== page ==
“It happened, late one afternoon, when David arose from his couch and was walking on the roof of the king’s house, that he saw from the roof a woman bathing; and the woman was very beautiful. And David sent and inquired about the woman.” (ESV – Read the chapter)
You’ve experienced it before. You finish dinner and you’re stuffed. To the gills. Any more food and you just might pop. And then the table next to you has their dessert delivered. It looks amazing. A huge brownie that you can see from a table over is just the right amount of gooey. A heaping scoop of vanilla ice cream centered perfectly on top of it that it just beginning to melt down the sides because the brownie is obviously fresh from the oven. And over the top of the whole thing a little drizzle of caramel sauce.
The owner of the dessert cuts into it for his first bite and it almost happens in slow motion. It’s clearly too big a bite for his mouth. He opens wide to let it in, but he doesn’t stand a chance. When he closes his mouth around what he can fit a bit of the ice cream doesn’t make it and runs slowly down his chin. And you can’t help yourself. You stare. You stare until he notices and it starts to get awkward.
And even though your whole body is screaming at you not to do it, your desire takes over and you raise your hand for the waitress. She comes over with a half smile and with a raised eyebrow asks what you need. “How much is that?” you ask, pointing at the next table. With a grin now she says, “You ate an awful lot of dinner and that’s a big brownie. Are you sure?” “How much?” you respond. “You can afford it. I’ll bring you one too.”
It’s good like you imagined and even a little more so. The brownie is perfect. The ice cream is homemade. More than a little bit runs down your chin. You are totally satisfied…until you realize you aren’t. You were actually satisfied with just dinner. You didn’t actually want this brownie. The waitress tried to talk you ought of it. Your stomach was pleading in the only way it can. But you desired it. Oh boy did you desire it. So you ignored all of that and ate it anyway…and now you’re starting to pay for it.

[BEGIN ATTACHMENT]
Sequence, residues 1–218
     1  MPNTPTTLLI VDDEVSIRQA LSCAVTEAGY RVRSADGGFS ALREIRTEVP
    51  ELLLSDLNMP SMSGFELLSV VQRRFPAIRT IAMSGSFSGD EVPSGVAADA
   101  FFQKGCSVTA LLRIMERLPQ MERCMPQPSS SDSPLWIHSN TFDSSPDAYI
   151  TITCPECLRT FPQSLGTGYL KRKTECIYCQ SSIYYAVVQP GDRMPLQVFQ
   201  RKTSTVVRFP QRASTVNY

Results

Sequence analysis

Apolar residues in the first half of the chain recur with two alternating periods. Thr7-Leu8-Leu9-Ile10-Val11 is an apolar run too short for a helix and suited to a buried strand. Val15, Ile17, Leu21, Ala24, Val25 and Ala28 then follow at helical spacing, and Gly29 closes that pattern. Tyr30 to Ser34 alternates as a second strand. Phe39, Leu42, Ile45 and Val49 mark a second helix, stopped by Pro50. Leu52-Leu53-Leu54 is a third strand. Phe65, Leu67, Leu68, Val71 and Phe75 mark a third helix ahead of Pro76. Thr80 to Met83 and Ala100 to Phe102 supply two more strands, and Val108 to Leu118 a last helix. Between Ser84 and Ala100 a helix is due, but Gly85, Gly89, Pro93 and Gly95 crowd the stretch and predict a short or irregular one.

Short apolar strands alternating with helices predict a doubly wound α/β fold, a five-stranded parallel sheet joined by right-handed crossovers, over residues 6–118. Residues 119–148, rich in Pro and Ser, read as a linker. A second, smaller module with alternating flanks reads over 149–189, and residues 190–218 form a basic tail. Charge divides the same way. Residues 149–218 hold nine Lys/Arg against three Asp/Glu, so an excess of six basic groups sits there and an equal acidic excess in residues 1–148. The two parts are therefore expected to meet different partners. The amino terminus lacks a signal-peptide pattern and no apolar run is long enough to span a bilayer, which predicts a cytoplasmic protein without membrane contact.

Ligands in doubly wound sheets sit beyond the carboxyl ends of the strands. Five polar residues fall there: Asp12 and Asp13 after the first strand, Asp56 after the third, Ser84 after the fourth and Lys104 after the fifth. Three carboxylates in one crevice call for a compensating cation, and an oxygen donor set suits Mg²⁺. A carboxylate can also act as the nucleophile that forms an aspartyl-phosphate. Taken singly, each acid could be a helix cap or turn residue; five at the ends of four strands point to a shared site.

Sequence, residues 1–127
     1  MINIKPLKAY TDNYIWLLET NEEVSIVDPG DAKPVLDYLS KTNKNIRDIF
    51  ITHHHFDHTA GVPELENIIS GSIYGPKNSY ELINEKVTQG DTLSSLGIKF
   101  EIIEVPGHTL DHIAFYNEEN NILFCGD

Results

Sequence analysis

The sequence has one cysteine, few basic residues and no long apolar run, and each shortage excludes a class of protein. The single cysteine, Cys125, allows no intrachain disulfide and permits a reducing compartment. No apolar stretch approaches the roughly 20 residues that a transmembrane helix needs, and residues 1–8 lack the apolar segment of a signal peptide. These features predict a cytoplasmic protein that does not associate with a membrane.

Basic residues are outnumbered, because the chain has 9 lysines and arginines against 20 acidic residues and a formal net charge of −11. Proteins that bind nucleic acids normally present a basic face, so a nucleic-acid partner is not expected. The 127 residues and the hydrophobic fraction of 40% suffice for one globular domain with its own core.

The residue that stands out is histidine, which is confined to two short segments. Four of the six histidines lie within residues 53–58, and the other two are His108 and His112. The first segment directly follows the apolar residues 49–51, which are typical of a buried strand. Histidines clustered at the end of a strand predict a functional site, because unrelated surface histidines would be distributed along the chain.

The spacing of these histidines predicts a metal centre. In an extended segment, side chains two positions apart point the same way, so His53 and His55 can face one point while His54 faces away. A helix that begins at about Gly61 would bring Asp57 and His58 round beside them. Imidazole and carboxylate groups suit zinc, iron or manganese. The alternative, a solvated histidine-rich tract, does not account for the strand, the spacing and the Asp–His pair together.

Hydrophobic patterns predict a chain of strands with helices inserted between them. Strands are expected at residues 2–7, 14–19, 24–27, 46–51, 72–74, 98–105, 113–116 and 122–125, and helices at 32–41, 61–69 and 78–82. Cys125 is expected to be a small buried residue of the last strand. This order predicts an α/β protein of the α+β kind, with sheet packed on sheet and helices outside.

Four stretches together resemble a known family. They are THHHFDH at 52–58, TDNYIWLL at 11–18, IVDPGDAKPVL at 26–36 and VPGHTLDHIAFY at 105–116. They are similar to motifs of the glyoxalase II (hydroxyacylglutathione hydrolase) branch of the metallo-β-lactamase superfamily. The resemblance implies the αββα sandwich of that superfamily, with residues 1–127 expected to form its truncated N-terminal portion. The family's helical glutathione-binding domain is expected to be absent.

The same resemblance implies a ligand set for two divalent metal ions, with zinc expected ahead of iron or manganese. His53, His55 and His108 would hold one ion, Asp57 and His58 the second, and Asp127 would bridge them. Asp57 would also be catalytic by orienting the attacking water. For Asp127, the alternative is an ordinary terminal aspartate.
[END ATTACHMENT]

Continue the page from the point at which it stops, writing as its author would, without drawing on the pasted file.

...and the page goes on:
When David saw Bathsheba bathing on her rooftop—something that only happened because he wasn’t where he should have been in the first place—he was already satisfied with his life. I mean, come on, he was the king. He already had four wives and a harem of concubines, any of whom could have left him perfectly satisfied. But after that first look, he kept looking. Then he started thinking and imagining. He looked some more. Then he finally hailed a servant and asked about her. He was toast at that point.
Let’s face the truth this illustrates rather clearly together: We don’t have the willpower to resist sin. Overcoming temptation is not something we can manage just by wanting it badly enough. This becomes particularly true when we’re not where we’re supposed to be and we’ve started thinking about the sin. At that point, we’re toast.
And the thing is, the guys who contributed to the Scriptures knew this. There’s this story. There’s James, the brother of Jesus, telling us that temptation doesn’t come from God, but rather from us giving place to an evil desire in our hearts and letting that desire run its course. There’s Paul telling us to flee temptation. He doesn’t say to fight it. He says to flee it. When temptation rears it’s ugly head, we need to run—not walk—in the other direction. If we stay and try to fight we’ll lose. David did. I have before. You have too.
In the face of temptation of any kind, run. Run screaming the other direction. You aren’t going to beat it. If you stay and fight you will lose. And you’ll pay for it. Maybe not now, but eventually the bill will come due. Run before it’s too late. Even if you’ve given in before, run next time. Sin doesn’t have to lead to sin. Break the pattern of sin and return to life.